Liverpool still wary but no longer fear Diego Simeone’s Atletico Madrid before Champions League tie

And so, 262 days later, Liverpool return to the stage that didn’t start it all, but certainly cemented what they are capable of.

The first trophy of Jurgen Klopp’s tenure was secured at the Wanda Metropolitano as the club secured a sixth European Cup at Tottenham’s expense in June. Getting over the line, crossing the thin but titanic distinction between almost winning and actually doing so, removed the ceiling as to what players believed was possible.

That is reflected in the obvious swagger and certainty they have displayed since lifting the Champions League, with their wall of honours at Melwood already requiring two more alterations after that victory – another Super Cup and the addition of the Club World Cup – with the silhouette of the Premier League trophy soon to follow.

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As they line up against Atletico Madrid in the first leg of the last-16 tussle on Tuesday night, England’s pacesetters – a staggering 25 points clear domestically – have the opportunity to remind the continent that they remain the team to beat in this tournament.

In the previous two seasons, the prospect of encountering Diego Simeone, a master of the defensive arts, used to be a source of consternation for Liverpool. It was the preference to face a more enterprising opponent who could be marmalised by their rapid transitions. Ahead of the knockout draws, Atleti were marked as a team to hopefully avoid within Melwood.

While Liverpool still feel the La Liga side are a formidable unit and respect their ability to defy the odds on the biggest nights in this competition, the usual sense of dread has been replaced by conviction in their habit of finding solutions to every tactical conundrum.


Champions League round-of-16 clubs





1/17 Champions League Round of 16 clubs

2/17 Paris Saint-Germain

3/17 Real Madrid

4/17 Bayern Munich

5/17 Tottenham Hotspur

6/17 Manchester City

7/17 Atalanta

8/17 Juventus

9/17 Atletico Madrid

10/17 Liverpool

11/17 Napoli

12/17 Barcelona

13/17 Borussia Dortmund

14/17 RB Leipzig

15/17 Lyon

16/17 Valencia

17/17 Chelsea

1/17 Champions League Round of 16 clubs

2/17 Paris Saint-Germain

3/17 Real Madrid

4/17 Bayern Munich

5/17 Tottenham Hotspur

6/17 Manchester City

7/17 Atalanta

8/17 Juventus

9/17 Atletico Madrid

10/17 Liverpool

11/17 Napoli

12/17 Barcelona

13/17 Borussia Dortmund

14/17 RB Leipzig

15/17 Lyon

16/17 Valencia

17/17 Chelsea

“If there’s one team where you have to be at absolute best, it’s Atletico,” Klopp said. “They give you absolutely no presents. They are a clear, proper machine. Whatever happens, they are there. They close you down and counter-attack. If you are not focused on your attacking, you won’t have a shot on target. But they haven’t played against a team like us. We shouldn’t forget that. We are organised as well, we play football, we have different aspects of [our] game.”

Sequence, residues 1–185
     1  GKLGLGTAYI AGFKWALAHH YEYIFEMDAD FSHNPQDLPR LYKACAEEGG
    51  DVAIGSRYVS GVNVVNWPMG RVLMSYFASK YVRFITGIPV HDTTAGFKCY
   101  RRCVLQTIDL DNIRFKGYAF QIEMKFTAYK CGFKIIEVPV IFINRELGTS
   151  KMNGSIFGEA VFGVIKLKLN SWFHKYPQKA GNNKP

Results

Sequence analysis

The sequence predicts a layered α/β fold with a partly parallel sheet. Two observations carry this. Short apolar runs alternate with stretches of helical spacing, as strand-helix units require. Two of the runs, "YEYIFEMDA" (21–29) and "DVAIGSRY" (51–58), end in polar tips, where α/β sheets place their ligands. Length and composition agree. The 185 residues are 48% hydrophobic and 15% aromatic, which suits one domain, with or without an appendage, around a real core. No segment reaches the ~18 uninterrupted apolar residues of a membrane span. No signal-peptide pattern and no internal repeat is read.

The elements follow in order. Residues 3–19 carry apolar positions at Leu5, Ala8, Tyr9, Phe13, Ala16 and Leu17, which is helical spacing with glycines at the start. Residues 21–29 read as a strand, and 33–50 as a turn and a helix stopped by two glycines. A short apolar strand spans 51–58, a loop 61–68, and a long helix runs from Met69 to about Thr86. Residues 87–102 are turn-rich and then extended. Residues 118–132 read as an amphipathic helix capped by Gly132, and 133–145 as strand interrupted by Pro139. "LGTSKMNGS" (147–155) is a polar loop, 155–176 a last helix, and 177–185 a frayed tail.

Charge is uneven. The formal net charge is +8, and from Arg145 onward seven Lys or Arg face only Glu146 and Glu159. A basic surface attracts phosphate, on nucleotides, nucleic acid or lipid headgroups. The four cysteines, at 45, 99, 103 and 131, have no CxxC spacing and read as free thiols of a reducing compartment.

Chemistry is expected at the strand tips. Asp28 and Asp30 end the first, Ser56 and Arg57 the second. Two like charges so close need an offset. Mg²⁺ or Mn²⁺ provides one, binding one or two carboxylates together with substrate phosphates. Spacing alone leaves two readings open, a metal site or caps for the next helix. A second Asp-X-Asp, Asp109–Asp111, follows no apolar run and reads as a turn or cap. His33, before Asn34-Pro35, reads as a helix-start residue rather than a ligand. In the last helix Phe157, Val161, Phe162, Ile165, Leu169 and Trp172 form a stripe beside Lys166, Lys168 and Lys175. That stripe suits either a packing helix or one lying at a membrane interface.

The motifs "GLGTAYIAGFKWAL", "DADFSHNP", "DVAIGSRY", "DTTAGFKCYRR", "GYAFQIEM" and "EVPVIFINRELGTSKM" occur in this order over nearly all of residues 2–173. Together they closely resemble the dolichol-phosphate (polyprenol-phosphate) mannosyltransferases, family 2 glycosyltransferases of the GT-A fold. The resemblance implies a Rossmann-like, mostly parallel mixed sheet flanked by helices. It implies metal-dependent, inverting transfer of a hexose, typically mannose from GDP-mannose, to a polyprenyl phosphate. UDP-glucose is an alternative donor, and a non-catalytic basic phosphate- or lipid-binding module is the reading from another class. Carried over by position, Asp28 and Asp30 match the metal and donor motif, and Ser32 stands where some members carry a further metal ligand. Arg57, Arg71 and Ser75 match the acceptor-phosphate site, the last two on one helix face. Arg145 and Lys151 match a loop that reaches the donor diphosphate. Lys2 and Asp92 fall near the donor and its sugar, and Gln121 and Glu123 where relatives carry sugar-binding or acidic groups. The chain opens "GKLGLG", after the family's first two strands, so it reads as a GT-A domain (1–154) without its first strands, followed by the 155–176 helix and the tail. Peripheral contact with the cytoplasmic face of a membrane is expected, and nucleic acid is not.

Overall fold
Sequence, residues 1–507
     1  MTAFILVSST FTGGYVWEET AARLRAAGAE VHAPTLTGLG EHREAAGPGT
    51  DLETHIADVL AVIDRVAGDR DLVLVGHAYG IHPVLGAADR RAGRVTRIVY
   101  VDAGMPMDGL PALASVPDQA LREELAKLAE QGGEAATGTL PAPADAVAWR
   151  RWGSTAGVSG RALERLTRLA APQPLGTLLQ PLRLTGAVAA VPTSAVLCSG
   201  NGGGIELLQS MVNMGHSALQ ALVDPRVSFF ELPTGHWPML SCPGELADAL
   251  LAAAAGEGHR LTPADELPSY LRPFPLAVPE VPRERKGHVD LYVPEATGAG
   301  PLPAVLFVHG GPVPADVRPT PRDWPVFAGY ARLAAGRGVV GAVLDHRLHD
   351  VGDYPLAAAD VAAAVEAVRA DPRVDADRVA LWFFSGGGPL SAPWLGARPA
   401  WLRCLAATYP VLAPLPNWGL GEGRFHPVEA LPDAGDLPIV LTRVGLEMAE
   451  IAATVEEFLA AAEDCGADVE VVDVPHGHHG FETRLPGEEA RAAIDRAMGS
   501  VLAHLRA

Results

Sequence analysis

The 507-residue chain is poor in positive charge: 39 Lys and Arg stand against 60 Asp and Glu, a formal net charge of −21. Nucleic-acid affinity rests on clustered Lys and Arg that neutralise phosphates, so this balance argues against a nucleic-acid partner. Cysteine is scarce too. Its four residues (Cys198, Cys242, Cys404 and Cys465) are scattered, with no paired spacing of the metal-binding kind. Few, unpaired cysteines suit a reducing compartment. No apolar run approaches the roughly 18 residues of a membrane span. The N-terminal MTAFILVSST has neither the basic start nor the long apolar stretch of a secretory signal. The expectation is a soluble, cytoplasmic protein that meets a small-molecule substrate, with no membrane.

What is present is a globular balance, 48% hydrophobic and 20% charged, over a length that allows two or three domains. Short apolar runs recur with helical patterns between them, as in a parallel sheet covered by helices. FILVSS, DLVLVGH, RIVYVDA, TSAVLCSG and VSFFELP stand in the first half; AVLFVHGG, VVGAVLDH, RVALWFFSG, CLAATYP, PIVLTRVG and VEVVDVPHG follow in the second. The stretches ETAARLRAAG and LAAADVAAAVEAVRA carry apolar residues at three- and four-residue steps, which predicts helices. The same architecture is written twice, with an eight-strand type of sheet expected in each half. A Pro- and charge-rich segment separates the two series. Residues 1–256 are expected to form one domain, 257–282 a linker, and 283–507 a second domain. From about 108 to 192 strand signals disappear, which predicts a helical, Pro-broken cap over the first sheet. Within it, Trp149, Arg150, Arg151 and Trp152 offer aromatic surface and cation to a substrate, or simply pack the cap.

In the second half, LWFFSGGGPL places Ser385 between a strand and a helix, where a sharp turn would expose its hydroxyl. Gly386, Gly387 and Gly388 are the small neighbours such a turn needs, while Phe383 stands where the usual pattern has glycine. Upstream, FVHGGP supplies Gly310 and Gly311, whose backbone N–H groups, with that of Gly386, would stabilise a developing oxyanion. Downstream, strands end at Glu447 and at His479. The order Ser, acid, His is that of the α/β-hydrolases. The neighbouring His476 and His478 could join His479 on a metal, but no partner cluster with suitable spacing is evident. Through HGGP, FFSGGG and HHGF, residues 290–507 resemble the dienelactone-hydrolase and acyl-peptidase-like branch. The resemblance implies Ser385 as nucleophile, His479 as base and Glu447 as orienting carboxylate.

Klopp’s men have long shed their need to blitz the opposition, but their varied ways to win has been emphasised this season. As Simeone himself put it: “I have no doubt, this Liverpool will go down in history as a great team. It is different to teams we have admired. They are intense, they are adaptable.”

Liverpool have kept 10 clean sheets in their last 11 league games, conceding a solitary goal in a sequence that saw tests against Manchester United, Leicester, Tottenham, Wolves and Sheffield United.

In all competitions, they have recorded victory by a 1-0 scoreline seven times. The Merseysiders are masters of scoring at crucial junctures: 14 of their goals have come in the opening 15 minutes, 19 leading into half-time and 18 between the 76 to 90 mark.

For all the deserved credit to Simeone and Atleti for their historical defensive brilliance, Liverpool’s work without the ball has been phenomenal.

The Spaniards used to count on Diego Godin – now at Inter Milan – nullifying threats from set-pieces, but Virgil van Dijk is now the best centre-back in the game. Jan Oblak was seen as the benchmark for goalkeepers, but he has been susceptible from dead-ball situations this campaign and that status was claimed by Alisson last year. Thomas Partey, Atleti’s standout player, was on Liverpool’s shortlist for holding midfield which Fabinho topped last summer and while the Ghana international is superb, the Brazilian was supreme prior to injury.

Atleti, by Simeone’s own admission, are not what they used to be. “We have different players now with different characteristics,” he said when asked by The Independent to explain the new set-piece weakness – one of Liverpool’s great weapons. “Just like we now attack in a different way, we defend in a different way too.”

The back-to-back finalists have changed too. They have gotten sharper and more assured in every department, regardless of personnel. Klopp has remarkably not yet been able to field the XI that started in the Champions League final due to injuries and yet Liverpool roll on, rolling over everything in their way. They are winners.

The Wanda Metropolitano was the backdrop for earning that tag, and it could also represent another scene in this series of Being Liverpool, where total dominance is not beyond this relentless group.

“We don’t feel like the winner of last season’s Champions League, we are one of the contenders for this year,” Klopp said. “We want to be in Istanbul.”

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